If you've inspected conventional fire alarm systems in older buildings, you may have run into a few of these.
The wiring issue is only indirectly addressed in the NFPA. The National Fire Protection Association (NFPA) is no longer in the business of specifying how to wire much of anything (wires don't detect fires or warn anyone); the NFPA is in the business of showing what is needed to:
- Detect fires and warn people of fires (Fire Alarm)
- Detect when other life safety systems are not normal (Supervisory Alarm)
- Activate automatic protective measures when there's a Fire Alarm (Fire Doors, Smoke Control, etc.)
The NFPA also wants the building-wide fire alarm system to have internal checks so the system can be fixed in a timely manner; if there's an internal problem found with the fire alarm system, the panel should show a trouble.
Actions to Take - Four Conditions
Green Light Normal
- The whole purpose of a fire alarm system is to tell people to take action. Even no action is an action. The first action that a fire alarm system tells people to take is "do what you normally do
" because the fire alarm system is normal.
Red Light Alarm
- If the fire alarm system has detected a fire, the action that the system tells everyone to take is "immediately take action to protect yourself
" because there is a dangerous situation.
Yellow Light Supervisory
- If something isn't right with a life safety system, the fire alarm system tells the building owners to "look around and put back to normal whatever life safety equipment isn't correct
". In this case, the sprinkler system is not the fire alarm system, but because the sprinklers are a life safety / property protection system, the fire alarm system is supervising the sprinklers. If the water is turned off, the building owner should know about it and put the sprinkler system back to normal.
Yellow Light Trouble
- If something is wrong with the fire alarm system itself, the fire alarm system tells the building owner to "fix the fire alarm system
" because the fire alarm system might not detect fire, or warn people of fire.
In the olden days (before the 1960's) there was no such thing as a supervisory signal. In order to detect a closed valve, the tamper switch would "break" the wire going to the waterflow switch's end of line resistor. This tamper switch action causes a "trouble" for the fire alarm system.
Of course, there was a requirement that closing any valve tamper switch could not prevent a flow switch from sending an alarm. So that the waterflow switch could still work, the only wire that could go to a valve tamper was the wire to the end of line resistor. The wire between the waterflow switch and the panel was sacred; it had to be able carry the alarm signal, no matter what.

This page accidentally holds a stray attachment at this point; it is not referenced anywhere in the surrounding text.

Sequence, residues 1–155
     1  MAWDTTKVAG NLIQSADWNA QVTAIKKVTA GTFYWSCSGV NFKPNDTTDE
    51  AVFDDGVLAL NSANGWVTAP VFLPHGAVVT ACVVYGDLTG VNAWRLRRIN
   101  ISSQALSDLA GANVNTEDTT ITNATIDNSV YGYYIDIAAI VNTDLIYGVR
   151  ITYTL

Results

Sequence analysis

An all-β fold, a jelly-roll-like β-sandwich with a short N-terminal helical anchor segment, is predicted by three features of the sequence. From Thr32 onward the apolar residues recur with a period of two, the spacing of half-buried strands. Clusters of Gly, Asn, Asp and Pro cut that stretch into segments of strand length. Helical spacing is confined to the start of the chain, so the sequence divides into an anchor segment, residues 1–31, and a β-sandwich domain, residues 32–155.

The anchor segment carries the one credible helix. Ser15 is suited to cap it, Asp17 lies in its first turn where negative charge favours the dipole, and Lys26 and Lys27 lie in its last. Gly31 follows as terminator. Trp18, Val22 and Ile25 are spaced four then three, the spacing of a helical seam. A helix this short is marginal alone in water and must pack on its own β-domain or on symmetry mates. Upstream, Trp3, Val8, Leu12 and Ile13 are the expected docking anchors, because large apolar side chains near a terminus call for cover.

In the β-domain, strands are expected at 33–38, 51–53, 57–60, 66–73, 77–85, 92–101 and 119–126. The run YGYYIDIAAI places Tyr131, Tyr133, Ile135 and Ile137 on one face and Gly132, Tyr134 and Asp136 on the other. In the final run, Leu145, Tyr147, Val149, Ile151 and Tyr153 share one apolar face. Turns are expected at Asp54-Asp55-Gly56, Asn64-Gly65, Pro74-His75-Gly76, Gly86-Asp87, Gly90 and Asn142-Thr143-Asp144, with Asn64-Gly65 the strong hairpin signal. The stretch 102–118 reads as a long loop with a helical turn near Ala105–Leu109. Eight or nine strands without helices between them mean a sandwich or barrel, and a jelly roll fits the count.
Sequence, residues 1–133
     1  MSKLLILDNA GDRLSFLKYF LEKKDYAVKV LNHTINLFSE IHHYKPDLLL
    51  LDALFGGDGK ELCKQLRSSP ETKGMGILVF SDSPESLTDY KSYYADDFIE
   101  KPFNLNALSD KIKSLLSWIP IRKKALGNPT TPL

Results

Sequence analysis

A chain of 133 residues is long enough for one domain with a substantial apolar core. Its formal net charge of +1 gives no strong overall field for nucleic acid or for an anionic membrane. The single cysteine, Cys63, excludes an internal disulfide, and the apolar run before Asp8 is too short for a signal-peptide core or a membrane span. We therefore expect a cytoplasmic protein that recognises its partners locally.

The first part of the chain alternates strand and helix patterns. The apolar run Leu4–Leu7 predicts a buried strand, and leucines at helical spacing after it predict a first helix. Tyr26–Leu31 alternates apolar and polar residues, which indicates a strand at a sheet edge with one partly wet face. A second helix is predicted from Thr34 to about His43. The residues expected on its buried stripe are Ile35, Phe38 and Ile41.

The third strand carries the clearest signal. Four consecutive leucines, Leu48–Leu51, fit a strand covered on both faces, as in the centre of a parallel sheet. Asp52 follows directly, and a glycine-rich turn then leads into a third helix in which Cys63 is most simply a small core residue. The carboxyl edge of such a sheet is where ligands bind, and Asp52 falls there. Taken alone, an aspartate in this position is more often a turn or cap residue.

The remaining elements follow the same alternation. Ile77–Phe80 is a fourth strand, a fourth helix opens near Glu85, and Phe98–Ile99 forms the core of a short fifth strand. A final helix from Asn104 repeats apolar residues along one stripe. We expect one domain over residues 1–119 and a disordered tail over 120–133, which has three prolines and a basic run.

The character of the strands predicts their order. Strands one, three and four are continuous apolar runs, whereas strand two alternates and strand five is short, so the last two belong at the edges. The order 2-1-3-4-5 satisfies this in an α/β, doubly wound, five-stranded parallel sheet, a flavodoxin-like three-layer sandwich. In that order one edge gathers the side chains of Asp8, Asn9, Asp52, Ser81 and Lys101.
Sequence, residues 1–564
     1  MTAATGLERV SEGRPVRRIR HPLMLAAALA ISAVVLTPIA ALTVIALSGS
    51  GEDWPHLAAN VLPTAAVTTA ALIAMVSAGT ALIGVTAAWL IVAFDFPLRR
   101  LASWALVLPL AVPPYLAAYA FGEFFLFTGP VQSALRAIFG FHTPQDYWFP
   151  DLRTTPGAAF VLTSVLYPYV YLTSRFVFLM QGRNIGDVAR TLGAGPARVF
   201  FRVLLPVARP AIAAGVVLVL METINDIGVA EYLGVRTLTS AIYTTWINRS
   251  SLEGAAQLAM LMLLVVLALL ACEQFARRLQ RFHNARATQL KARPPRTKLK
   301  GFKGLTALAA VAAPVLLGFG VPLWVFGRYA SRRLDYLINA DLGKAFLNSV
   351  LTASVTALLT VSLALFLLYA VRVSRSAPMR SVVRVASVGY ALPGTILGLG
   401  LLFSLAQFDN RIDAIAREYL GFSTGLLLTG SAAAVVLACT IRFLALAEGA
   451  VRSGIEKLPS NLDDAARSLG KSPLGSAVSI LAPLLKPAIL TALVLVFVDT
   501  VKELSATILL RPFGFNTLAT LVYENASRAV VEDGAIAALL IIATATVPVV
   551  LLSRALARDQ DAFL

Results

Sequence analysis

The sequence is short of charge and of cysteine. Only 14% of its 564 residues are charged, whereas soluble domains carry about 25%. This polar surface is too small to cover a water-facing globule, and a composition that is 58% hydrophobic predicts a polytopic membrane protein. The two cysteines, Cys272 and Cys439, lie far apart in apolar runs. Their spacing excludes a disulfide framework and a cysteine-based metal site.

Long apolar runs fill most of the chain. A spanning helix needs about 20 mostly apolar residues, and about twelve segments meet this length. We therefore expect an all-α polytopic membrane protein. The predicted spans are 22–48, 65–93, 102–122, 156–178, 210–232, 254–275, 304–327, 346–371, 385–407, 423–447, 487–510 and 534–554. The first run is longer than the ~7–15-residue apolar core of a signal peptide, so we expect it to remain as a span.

See "Why Does Closing Some Gatevalves Show Trouble?"
The left-hand part of the diagram shows the grandfathered - old - method of wiring a tamper switch. The old method only showed that the fire alarm system needed to be fixed. What is meant by "grandfathered" is that at one time this wiring was about the way to wire a tamper switch. If it was installed at the time it was acceptable, the fire marshal will probably put up with it . . . for now.
The right-hand part of the diagram shows the correct - new - method of wiring a tamper switch. The new method shows a separate zone input for the waterflow switch and the tamper switch. With a separate supervisory zone to the panel, the supervisory tamper signal says to the owner "turn the water back on".
The NFPA 72 shows what is needed for several different types of fire alarm systems. Remember, though, that to protect from fire, the NFPA has published hundreds of Codes Books that have to be followed. For instance, in a particular occupancy the NFPA 101 shows what kind of fire alarm system should be used. Other codes published by the NFPA include requirements for manufacturers, testing laboratories, sprinkler systems, fire marshals, elevators, electrical systems, and the list goes on and on.
Many of the requirements that we adhere to are in the NFPA Codes other than what can be seen in the NFPA 72; if some requirement isn't being addressed in NFPA 72, it is probably shown directly or indirectly in another code.
See Is it Even Legal to Show a Trouble for a Closed Valve?
for background information on the old style of tamper switch wiring.